Popularity: 10%

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DDoS Attacks on Rivals of Facebook & WhatsApp

Posted on 30 September 2014 by SlimboCA

In the last weekend of September two of the technology companies, believed to be more secure alternatives of the giants Facebook and WhatsApp, fell victims of severe DDoS attacks. Recently Telegram and Ello were pronounced to be the latest rivals of the social media company Facebook and the recently acquired WhatsApp app for instant messaging.

The Nature of Ello

Ello is a social network with anti-Facebook nature, which is an ad-free platform that accepts new members only if they have an invitation. The new network does not sell data to third parties. The data that is collected by the new social network is aggregated and anonymous, which makes it useless to Google and the companies’ advertising purposes.

The Nature of Telegram

Telegram is an application for instant messaging, which is based in Russia and is famous for its privacy. The users consider it a great alternative to the WhatsApp platform. Telegram is based on a custom MTProto encryption protocol and applies end-to-end encryption for the secret chats. Telegram became even more popular after Facebook acquired WhatsApp since the company has been strongly criticized for lack of data privacy.
Telegram application is available for Google Android and Apple’s iOS.

DDoS Attack

Both Ello and Telegram were hit by independent distributed denial of service on the last weekend of September. The DDoS attack against Telegram lasted for two days. During the attack, the service was normal in most of the countries, though in some places people lost connections and were not able to send outgoing messages. The user data had not been compromised despite the attack.

There were speculations by some of the social media users that the DDoS attacks and the disruption of service might be associated with the situation in China, since these attacks coincided with the reports that the government of China has hacked WhatsApp as it believed that activists are exchanging messages through that application.

On the same day, Ello also reported that it underwent a DDoS attack that lasted for 45 minutes. The situation was fixed when Ello blocked the IP addresses that were associated with the attack.

The Security Experts

The security expert Martin McKeay from Akamai Technologies stated in front of the SCMagazineUK.com that both Telegram and Ello are targets for two main reasons: they have limited security support and they are growing in popularity. These two reasons make Telegram and Ello the perfect targets for the DDoS attacks.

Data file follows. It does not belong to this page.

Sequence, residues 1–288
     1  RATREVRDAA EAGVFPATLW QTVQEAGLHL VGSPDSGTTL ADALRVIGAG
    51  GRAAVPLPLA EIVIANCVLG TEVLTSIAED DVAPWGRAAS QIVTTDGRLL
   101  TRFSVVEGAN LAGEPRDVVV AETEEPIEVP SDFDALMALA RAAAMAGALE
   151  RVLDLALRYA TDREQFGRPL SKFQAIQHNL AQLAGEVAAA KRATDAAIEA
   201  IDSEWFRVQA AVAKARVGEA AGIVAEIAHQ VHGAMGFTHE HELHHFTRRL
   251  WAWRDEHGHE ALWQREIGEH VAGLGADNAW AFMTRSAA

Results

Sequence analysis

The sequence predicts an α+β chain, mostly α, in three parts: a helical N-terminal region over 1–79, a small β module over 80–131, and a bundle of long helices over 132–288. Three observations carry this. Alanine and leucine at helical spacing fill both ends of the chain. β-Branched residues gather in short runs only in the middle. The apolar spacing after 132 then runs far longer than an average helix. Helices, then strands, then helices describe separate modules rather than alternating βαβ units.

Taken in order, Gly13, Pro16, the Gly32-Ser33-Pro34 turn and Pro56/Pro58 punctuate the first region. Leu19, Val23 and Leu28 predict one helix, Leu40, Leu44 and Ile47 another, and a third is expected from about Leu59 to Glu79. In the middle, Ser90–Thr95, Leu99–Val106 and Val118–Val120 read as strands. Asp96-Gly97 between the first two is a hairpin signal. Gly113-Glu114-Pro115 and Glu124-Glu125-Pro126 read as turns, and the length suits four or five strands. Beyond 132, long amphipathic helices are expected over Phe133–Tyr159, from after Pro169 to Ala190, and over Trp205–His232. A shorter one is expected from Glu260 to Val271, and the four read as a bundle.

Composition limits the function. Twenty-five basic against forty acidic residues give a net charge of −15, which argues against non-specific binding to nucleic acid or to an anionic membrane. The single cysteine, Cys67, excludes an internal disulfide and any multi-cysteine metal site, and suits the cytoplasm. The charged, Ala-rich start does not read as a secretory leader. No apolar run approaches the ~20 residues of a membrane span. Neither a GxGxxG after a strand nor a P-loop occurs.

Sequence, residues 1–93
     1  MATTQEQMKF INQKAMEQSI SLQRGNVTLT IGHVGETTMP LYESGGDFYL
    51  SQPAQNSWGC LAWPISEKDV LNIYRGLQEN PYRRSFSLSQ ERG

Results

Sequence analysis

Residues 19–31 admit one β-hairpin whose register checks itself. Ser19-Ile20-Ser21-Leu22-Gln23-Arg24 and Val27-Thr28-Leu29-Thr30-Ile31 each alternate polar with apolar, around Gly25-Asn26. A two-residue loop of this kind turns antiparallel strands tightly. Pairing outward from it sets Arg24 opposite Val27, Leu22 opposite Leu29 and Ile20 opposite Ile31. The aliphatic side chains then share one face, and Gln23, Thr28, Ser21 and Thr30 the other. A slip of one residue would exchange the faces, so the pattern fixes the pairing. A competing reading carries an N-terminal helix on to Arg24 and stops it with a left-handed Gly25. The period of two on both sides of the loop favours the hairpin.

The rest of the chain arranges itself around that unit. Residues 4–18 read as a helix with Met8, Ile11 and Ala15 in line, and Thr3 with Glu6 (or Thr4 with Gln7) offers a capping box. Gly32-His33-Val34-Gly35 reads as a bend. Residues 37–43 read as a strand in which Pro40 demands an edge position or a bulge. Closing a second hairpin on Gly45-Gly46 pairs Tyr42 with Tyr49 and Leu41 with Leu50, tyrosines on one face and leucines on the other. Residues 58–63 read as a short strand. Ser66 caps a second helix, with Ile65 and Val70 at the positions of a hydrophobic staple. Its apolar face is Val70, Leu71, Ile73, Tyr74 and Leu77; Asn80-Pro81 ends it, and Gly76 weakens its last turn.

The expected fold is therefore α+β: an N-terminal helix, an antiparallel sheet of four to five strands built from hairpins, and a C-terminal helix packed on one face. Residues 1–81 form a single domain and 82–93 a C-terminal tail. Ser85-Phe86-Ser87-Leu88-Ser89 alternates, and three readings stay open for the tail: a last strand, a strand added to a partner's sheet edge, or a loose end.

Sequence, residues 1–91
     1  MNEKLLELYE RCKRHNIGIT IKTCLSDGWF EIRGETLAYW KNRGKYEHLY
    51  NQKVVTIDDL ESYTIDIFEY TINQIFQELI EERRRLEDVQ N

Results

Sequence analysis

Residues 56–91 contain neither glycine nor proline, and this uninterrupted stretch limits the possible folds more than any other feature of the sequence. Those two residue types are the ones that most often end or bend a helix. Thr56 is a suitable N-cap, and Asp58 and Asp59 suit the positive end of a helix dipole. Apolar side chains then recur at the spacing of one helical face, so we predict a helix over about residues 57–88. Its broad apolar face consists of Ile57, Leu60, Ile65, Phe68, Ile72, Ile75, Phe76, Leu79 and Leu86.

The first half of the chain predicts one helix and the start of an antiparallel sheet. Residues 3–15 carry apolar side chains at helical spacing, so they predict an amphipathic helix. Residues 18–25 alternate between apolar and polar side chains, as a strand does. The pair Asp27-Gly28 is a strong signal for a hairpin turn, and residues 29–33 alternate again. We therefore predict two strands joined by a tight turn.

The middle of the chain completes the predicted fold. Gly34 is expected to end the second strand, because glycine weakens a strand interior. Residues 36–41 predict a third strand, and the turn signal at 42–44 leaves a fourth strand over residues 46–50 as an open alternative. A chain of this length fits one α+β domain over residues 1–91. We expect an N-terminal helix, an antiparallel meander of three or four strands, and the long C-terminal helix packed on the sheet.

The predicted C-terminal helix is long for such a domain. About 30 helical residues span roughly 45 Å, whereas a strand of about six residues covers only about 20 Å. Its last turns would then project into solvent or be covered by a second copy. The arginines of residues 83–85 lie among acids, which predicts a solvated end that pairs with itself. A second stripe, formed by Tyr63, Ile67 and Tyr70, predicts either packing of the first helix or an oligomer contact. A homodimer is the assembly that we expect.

The security professionals further pointed the fact that the popularity of the communication channel Ello increased overnight, and that brought negative attention as well. The experts further say that the volumetric attacks are now becoming the norm, and they advise all organizations that do business on the Internet to be prepared for such attacks.

The cyber criminals find it easy to carry out DDoS attacks up to 100Gbps, 200Gbps, 300Gbps. That is why the companies have to be active in defending their data from the malicious attacks using mitigation and real-time detection.

Popularity: 32%

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How Social Media Is Ruling Your Life

Posted on 23 September 2010 by SlimboCA

Does social media enhance or stifle your ability to be productive?

Does social media enhance or stifle your ability to be productive?

Being constantly connected to social media can cause users a whole host of problems, a new study has revealed.

Increased stress, strain on personal relationships, and even loss of sleep, are but a few of the shortcomings caused by social media. A United States university took a week-long break from Facebook, Twitter, Instant Messaging (IM) and other social media, and found that the pervasive technology had hidden pitfalls.

Students at Harrisburg University of Science and Technology in central Pennsylvania have realized that social media, particularly Facebook and IM, can take over their lives. College Provost Eric Darr called for the ban to see how the technology affects students and the various faculties.

Most students complied with the week-long experiment and found how easy it is for technology to rule their lives. One student checked Facebook 21 hours a day and blocked posts between 2 and 5 in the morning just to get some rest. Students or faculty staff who felt forced to feed their social media addiction did so via smartphones, but most complied, and some were quite surprised by their finds.